The controversial Snowdens also made headlines recently, but for far more sinister reasons. Dimitri and Ashley came from a secular background, shared three children named Canaria, Armonio and Nenufar, and had been spiritually married for nine years. Rather than pursue polygamy for religious reasons, their interest in finding a second wife was purely spiritual. While participating in the show, their prospects between seasons one and three were Joselyn, Jakira, Vanessa, Christeline and Tayler, but things didn’t work out for numerous reasons.

Despite deciding that she was ready to share Dimitri with another woman, Ashley laid down one non-negotiable rule: there would be no physical intimacy until Dimitri and the sister wife made things official through marriage. After just one date with Joselyn, Dimitri broke the rule by hooking up with the newcomer; the courtship came to an abrupt end because Ashley, ironically, felt that she could no longer trust Joselyn.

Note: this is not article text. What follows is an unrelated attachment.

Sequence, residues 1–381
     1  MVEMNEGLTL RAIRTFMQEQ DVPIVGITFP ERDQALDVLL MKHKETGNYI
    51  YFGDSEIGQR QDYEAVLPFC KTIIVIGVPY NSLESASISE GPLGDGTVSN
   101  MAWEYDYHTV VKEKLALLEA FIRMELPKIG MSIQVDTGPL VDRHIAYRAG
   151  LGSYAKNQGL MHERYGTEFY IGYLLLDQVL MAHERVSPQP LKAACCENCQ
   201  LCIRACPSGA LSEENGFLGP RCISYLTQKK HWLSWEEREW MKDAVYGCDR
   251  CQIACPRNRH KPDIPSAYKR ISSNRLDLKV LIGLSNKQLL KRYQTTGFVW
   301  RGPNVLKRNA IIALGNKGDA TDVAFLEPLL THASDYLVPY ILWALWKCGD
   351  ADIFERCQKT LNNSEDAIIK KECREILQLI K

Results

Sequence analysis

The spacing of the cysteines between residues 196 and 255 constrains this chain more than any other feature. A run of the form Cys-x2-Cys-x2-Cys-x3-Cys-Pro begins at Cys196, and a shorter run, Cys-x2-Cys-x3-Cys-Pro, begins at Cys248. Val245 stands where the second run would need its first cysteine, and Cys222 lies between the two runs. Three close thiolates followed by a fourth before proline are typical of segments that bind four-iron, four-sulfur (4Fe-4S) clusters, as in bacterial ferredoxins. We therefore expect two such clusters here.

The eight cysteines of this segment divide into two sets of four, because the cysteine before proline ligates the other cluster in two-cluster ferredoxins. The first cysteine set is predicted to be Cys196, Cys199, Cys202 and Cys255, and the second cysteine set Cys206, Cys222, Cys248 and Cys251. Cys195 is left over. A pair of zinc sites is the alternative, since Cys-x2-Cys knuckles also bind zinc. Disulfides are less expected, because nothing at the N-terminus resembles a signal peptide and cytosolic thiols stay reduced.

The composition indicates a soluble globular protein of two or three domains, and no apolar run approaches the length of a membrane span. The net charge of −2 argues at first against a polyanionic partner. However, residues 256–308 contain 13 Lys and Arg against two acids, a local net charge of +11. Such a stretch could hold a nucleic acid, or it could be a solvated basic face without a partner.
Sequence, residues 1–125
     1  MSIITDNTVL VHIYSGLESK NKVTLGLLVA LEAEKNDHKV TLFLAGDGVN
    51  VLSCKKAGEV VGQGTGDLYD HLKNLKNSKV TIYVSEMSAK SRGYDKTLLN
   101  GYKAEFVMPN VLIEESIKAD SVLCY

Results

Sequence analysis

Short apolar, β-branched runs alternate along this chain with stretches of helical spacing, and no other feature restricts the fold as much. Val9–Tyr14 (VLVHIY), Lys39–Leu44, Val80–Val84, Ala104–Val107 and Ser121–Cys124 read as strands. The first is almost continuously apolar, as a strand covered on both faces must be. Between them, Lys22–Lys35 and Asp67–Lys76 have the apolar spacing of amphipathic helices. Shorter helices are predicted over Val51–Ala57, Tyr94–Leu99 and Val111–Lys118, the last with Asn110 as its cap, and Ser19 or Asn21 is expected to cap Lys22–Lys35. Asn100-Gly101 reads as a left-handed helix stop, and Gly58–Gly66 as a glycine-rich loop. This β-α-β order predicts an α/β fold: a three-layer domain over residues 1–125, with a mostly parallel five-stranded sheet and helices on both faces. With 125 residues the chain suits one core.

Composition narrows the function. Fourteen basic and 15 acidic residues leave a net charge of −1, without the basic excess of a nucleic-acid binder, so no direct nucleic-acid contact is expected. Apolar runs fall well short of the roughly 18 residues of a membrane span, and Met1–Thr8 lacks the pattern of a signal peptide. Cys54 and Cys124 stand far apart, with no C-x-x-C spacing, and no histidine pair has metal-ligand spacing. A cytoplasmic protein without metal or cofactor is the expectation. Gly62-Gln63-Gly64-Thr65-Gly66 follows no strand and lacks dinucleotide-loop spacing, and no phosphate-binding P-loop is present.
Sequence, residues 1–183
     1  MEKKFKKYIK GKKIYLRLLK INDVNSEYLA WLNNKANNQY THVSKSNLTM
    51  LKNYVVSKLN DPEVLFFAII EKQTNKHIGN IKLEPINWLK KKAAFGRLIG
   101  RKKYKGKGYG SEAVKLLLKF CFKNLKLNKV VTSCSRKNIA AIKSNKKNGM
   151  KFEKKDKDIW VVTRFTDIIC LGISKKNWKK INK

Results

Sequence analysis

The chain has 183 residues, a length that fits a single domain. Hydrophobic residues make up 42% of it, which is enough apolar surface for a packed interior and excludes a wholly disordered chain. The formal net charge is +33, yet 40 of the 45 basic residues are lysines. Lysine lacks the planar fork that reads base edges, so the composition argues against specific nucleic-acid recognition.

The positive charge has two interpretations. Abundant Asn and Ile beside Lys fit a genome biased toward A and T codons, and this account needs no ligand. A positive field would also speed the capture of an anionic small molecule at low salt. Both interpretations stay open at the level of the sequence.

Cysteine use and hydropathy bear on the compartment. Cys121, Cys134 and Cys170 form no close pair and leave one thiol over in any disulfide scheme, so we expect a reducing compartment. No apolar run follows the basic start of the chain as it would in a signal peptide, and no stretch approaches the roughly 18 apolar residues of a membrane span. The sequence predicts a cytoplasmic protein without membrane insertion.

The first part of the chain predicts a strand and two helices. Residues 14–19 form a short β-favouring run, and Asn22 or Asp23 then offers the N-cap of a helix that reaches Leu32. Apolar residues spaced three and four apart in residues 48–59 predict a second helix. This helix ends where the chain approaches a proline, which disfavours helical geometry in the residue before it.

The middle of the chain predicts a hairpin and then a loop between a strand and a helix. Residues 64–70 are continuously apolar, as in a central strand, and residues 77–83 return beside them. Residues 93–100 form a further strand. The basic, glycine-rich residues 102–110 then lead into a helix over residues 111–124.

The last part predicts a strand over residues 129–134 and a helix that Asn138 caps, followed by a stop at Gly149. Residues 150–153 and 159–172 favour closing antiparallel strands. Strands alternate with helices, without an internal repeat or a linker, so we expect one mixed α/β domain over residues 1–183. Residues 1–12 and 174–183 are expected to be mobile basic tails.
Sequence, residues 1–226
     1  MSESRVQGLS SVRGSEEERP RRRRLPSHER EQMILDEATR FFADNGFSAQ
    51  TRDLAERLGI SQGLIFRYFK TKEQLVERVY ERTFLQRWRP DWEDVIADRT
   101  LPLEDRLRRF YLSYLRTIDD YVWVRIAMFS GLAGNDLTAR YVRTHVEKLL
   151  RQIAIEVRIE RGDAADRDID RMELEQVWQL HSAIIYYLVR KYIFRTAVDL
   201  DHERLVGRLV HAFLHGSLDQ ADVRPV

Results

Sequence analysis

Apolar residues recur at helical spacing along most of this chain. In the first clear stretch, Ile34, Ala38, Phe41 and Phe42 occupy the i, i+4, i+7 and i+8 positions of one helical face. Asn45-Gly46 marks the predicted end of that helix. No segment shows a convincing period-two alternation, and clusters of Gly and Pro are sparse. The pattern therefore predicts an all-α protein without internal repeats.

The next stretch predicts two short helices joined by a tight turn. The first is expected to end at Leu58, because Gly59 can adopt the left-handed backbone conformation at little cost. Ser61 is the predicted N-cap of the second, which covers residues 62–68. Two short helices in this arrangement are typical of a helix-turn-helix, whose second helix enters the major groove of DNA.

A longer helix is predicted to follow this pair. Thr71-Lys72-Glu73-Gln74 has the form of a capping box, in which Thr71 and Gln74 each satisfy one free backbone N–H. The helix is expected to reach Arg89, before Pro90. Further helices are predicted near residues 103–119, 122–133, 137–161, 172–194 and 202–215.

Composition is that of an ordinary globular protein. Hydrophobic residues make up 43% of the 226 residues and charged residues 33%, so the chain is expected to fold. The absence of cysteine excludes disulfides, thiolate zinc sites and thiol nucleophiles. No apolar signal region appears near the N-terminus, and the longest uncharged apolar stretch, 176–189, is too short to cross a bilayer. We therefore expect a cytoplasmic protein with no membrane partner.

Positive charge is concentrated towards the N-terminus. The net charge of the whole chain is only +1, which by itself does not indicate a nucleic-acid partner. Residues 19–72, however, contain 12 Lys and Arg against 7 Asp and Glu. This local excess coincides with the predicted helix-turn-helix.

Things didn’t pan out with Jakira either, but Ashley and Dimitri were much luckier in season two when they met Vanessa Cobbs. Following a successful courtship and engagement, the trio participated in a spiritual wedding ceremony – but this time, Vanessa would be the one to end things with Dimitri and Ashley.

Taking to Instagram in early 2019, Vanessa wrote a cryptic message that read: “I now know that just because you love someone (or a family), doesn’t necessarily mean that you’re meant to be with them. Sometimes their long-established dynamic is not aligned with your own personal growth and path forward.”